Experiments To Determine The Protein’s Intrinsic Virulence Factor Activity That May Contribute To Coli pathogenesis include;
We will determine Bacterial invasion using in vitro model systems- The ability of the bacteria to cause invasion through in vitro models show the intrinsic capabilities of the autotransporter to cause virulence that leads to pathogenesis.
- We will use the electron microscope examine the cytoskeleton rearrangement determined through pathogenetic analysis.
- We will induce signal transduction.
- We will culture the polarized epithelial cell.
The cytoskeleton arrangement that will be identified in the morphological form of the pathogenic e. coli indicate its ability to cause virulence through the presence of plasmids. The signal transduction pathways detected aid in the virulence and pathogenesis of E. coli by use of kinases of the autotransporter that control gene expression. Since the autotransporter is located in the outer membrane of the pathogenic E. coli, the culture of these epithelial cells positively identify the virulence role played by the protein autotransporter through the actions of the protein’s lipids and polypeptides. (Maurelli, Fernandez,, Bloch, Rode & Fasano, 2008).
Experiments To Show That The Autotransporter Protein Is A Virulence Factor That Contributes Significantly To The Ability Of The Pathogenic E. Coli Strain To Cause Disease
As stated above, the autotransporter protein contributes to the pathogenic E. coli pathogenesis and virulence through mobility mediators, enzymes, toxins and adhesins hence giving it the ability to cause disease.
- We will determine the virulence and pathogenesis due to autotransporter protein through;
- Bacterial genomes and gene annotations through Ribosomal RNA Analysis.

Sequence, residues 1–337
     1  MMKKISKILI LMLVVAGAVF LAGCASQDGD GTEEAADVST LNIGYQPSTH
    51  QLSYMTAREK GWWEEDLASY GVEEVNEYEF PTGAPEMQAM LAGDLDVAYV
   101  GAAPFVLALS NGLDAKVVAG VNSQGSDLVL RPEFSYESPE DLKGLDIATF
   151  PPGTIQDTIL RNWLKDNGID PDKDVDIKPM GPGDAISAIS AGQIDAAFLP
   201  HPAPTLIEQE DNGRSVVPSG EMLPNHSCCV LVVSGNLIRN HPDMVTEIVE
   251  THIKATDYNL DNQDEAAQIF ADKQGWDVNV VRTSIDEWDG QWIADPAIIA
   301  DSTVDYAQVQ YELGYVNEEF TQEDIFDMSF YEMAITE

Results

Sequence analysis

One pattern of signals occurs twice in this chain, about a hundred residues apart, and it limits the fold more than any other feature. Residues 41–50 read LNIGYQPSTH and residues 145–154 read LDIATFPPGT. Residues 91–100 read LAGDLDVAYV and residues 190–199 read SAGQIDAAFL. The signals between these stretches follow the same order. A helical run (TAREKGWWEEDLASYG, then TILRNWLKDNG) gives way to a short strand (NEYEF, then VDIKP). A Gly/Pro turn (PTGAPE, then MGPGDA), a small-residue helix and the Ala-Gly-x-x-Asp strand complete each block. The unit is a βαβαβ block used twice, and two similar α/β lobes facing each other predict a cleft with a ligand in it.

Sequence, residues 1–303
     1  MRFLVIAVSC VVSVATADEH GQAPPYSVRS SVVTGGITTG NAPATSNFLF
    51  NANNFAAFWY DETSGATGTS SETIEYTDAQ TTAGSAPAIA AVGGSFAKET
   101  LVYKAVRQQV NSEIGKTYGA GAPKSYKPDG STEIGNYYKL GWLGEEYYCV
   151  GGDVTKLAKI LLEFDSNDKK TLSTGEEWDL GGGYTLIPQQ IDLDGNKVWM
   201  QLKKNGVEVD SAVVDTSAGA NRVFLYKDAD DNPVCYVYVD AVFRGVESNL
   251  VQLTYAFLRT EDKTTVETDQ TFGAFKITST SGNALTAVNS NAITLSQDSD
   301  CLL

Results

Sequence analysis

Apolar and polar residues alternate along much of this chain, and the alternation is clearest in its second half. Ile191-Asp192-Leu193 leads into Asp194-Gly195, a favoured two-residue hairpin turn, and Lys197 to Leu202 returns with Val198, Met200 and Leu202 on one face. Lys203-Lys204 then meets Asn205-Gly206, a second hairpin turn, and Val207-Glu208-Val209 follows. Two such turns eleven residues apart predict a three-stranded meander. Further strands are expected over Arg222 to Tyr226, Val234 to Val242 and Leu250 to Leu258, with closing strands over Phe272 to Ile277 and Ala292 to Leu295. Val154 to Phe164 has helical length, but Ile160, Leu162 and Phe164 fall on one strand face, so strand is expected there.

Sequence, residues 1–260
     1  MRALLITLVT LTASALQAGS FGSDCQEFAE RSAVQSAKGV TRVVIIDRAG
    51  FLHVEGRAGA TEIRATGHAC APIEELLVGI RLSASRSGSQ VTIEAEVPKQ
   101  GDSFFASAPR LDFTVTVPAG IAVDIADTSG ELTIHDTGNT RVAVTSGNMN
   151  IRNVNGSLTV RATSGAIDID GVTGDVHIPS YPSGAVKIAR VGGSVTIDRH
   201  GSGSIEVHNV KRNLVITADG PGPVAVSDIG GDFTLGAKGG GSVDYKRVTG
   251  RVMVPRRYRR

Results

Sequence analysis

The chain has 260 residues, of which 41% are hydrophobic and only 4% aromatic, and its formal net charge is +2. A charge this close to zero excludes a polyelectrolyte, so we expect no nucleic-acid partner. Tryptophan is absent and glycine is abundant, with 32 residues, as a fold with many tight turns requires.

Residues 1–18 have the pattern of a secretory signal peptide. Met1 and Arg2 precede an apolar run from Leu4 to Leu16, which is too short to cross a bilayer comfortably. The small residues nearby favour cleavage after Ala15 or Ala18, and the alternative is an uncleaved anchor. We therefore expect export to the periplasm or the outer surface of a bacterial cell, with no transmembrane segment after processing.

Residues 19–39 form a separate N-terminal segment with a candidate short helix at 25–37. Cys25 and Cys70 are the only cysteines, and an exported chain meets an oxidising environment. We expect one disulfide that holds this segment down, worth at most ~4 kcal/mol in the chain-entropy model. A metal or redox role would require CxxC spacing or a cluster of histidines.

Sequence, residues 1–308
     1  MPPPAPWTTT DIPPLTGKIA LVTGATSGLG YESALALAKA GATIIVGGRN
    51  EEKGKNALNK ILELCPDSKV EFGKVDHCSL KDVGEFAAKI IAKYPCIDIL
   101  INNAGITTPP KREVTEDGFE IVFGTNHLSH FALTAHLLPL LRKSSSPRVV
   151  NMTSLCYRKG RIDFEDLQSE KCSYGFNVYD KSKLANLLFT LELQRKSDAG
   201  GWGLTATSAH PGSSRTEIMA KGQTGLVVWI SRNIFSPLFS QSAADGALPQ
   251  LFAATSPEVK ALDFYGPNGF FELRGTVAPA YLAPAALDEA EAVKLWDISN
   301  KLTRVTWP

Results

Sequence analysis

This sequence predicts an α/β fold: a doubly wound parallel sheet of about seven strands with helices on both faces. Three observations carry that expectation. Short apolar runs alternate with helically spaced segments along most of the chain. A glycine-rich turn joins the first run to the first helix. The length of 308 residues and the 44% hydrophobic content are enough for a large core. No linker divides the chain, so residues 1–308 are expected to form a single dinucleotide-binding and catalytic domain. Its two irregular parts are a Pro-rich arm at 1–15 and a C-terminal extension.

The results obtained will enable us to predicted proteome analysis and prevalence of genomic islands which contribute to virulence and pathogenesis (Peterson, Tian, Ieva, Dautin & Bernstein, 2010). Therefore, using these results we are able to confirm that the autotransporter protein is a virulence factor that contributes significantly to the ability of the pathogenic e. coli strain to cause disease. The V(a) autotransporter protein helps in the virulence and pathogenicity of the pathogenic E. coli through the production of mobility mediators, enzymes, toxins and adhesins which gives this microorganism the ability to cause disease.
Bakker, K., Apelqvist, J., Schaper, N. C., & International Working Group on the Diabetic Foot Editorial Board. (2012). Practical guidelines on the management and prevention of the diabetic foot 2011. Diabetes/metabolism research and reviews, 28, 225-231.
Boulton, A. J. (2010). Foot problems in patients with diabetes. Textbook of diabetes, 725-742.
Clermont, O., Bonacorsi, S., & Bingen, E. (2010). Rapid and simple determination of the Escherichia coli phylogenetic group. Applied and environmental microbiology, 66(10), 4555-4558.
DeLeo, F. R., Otto, M., Kreiswirth, B. N., & Chambers, H. F. (2010). Community-associated meticillin-resistant Staphylococcus aureus. The Lancet, 375(9725), 1557-1568.
Lipsky, B. A., Berendt, A. R., Cornia, P. B., Pile, J. C., Peters, E. J., Armstrong, D. G., ... & Pinzur, M. S. (2012). 2012 Infectious Diseases Society of America clinical practice guideline for the diagnosis and treatment of diabetic foot infections. Clinical infectious diseases, 54(12), e132-e173.
Maurelli, A. T., FERNAndez, R. E., Bloch, C. A., Rode, C. K., & Fasano, A. (2008). “Black holes” and bacterial pathogenicity: a large genomic deletion that enhances the virulence of Shigella spp. and enteroinvasive Escherichia coli. Proceedings of the National Academy of Sciences, 95(7), 3943-3948.
Peterson, J. H., Tian, P., Ieva, R., Dautin, N., & Bernstein, H. D. (2010). Secretion of a bacterial virulence factor is driven by the folding of a C-terminal segment. Proceedings of the National Academy of Sciences, 107(41), 17739-17744.
Selkrig, J., Mosbahi, K., Webb, C. T., Belousoff, M. J., Perry, A. J., Wells, T. J., ... & Celik, N. (2012). Discovery of an archetypal protein transport system in bacterial outer membranes. Nature Structural and Molecular Biology, 19(5), 506.